As a special report for PEJ’s weekly News Coverage Index (NCI), the Quarterly Report is based on the aggregated data collected from December 31, 2006 – March 31, 2007 (the first quarter of 2007).

Examining the news agenda of 48 different outlets in five media sectors, including newspapers, online, network TV, cable TV, and radio, the NCI is designed to provide news consumers, journalists and researchers with hard data about what stories and topics the media are covering, the trajectories of major stories and differences among news platforms. Following a rotation system, 35 outlets each weekday were selected as well as 7 newspapers each Sunday.

For its News Index, PEJ monitors 48 different news outlets each week (35 per week-day) from five different media sectors

Newspapers (Thirteen in all, Sun-Fri)

NY Times every day

Code 2 out of these 4 every day
Wash Post
LA Times
USA Today
Wall Street Journal

Code 2 out of these 4 every day
The Boston Globe
Star Tribune
Austin American-Statesman
Albuquerque Journal

Code 2 out of these 4 every day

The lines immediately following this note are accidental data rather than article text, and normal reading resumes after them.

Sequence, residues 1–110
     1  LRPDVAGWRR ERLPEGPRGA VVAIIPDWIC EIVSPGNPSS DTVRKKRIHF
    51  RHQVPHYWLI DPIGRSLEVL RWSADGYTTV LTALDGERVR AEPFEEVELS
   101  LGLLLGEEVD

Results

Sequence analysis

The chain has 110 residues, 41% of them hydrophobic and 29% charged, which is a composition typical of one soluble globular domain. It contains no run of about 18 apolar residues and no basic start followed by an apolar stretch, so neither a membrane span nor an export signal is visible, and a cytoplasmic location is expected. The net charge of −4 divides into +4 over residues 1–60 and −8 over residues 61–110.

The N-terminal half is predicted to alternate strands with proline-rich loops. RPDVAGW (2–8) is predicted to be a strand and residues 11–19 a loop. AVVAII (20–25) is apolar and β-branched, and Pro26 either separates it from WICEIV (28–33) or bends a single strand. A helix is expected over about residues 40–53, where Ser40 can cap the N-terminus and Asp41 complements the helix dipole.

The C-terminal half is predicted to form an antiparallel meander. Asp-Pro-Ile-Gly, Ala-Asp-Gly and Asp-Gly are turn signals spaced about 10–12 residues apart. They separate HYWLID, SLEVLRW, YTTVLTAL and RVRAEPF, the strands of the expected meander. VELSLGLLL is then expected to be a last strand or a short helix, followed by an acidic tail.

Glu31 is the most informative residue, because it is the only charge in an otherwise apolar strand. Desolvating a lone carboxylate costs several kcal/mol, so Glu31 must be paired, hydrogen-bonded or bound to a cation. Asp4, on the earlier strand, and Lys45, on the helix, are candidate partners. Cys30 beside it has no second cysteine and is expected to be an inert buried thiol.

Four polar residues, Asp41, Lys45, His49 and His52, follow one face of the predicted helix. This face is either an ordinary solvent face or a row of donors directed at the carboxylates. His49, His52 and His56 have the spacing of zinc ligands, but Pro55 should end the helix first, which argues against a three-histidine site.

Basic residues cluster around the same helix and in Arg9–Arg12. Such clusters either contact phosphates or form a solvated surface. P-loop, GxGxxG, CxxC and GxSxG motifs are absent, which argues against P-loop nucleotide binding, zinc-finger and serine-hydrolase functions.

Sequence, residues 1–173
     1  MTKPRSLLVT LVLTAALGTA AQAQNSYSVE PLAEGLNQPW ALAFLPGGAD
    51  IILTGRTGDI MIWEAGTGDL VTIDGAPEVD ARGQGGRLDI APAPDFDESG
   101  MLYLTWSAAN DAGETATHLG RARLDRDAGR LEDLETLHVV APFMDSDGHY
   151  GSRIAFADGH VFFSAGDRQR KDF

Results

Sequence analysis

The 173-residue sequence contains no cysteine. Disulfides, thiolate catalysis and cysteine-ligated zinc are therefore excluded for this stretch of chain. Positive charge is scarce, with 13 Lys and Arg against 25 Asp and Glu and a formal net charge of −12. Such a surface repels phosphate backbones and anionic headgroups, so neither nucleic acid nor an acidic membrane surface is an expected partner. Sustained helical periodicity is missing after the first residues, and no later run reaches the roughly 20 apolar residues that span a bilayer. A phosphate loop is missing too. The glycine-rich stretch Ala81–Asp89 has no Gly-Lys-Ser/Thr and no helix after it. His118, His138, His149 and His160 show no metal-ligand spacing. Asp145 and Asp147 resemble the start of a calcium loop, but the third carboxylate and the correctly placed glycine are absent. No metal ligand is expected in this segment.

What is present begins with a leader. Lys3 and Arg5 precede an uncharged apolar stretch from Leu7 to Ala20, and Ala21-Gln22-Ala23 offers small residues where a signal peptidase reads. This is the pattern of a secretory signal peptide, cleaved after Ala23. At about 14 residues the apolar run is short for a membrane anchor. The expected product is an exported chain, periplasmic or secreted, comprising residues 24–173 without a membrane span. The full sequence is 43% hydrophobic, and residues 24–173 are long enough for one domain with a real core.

The Sun Chronicle
Star Beacon
The Chattanooga Times Free Press
The Bakersfield Californian

Web sites (Five in all, Mon-Fri)
Yahoo News
Google News
AOL News

Network TV (Seven in all, Mon-Fri)

Morning shows
ABC – Good Morning America
CBS – Early Show
NBC – Today

Evening news
ABC – World News Tonight
CBS – CBS Evening News
NBC – NBC Nightly News
PBS – Newshour with Jim Lehrer

Cable TV (Fifteen in all, Mon-Fri)

Daytime (1–1:30 pm) – code 2 out of 3 every day
Fox News

Nighttime CNN – code 3 out of the 4 every day
Lou Dobbs Tonight
Situation Room (7 pm)
Paula Zahn Now
Anderson Cooper 360

Nighttime Fox News – code 3 out of the 4 every day
Special Report w/ Britt Hume
Fox Report w/ Shepard Smith
O’Reilly Factor
Hannity & Colmes

Nighttime MSNBC – code 2 out of the 4 every day
Tucker (6 pm)
Hardball (7 pm)
Countdown w/ Keith Olbermann
Scarborough Country

Radio (Eight in all, Mon-Fri)

Headlines every day
ABC Radio headlines at 9am and 5pm
CBS Radio headlines at 9am and 5pm
NPR Morning Edition every day

Talk Radio
Rush Limbaugh every day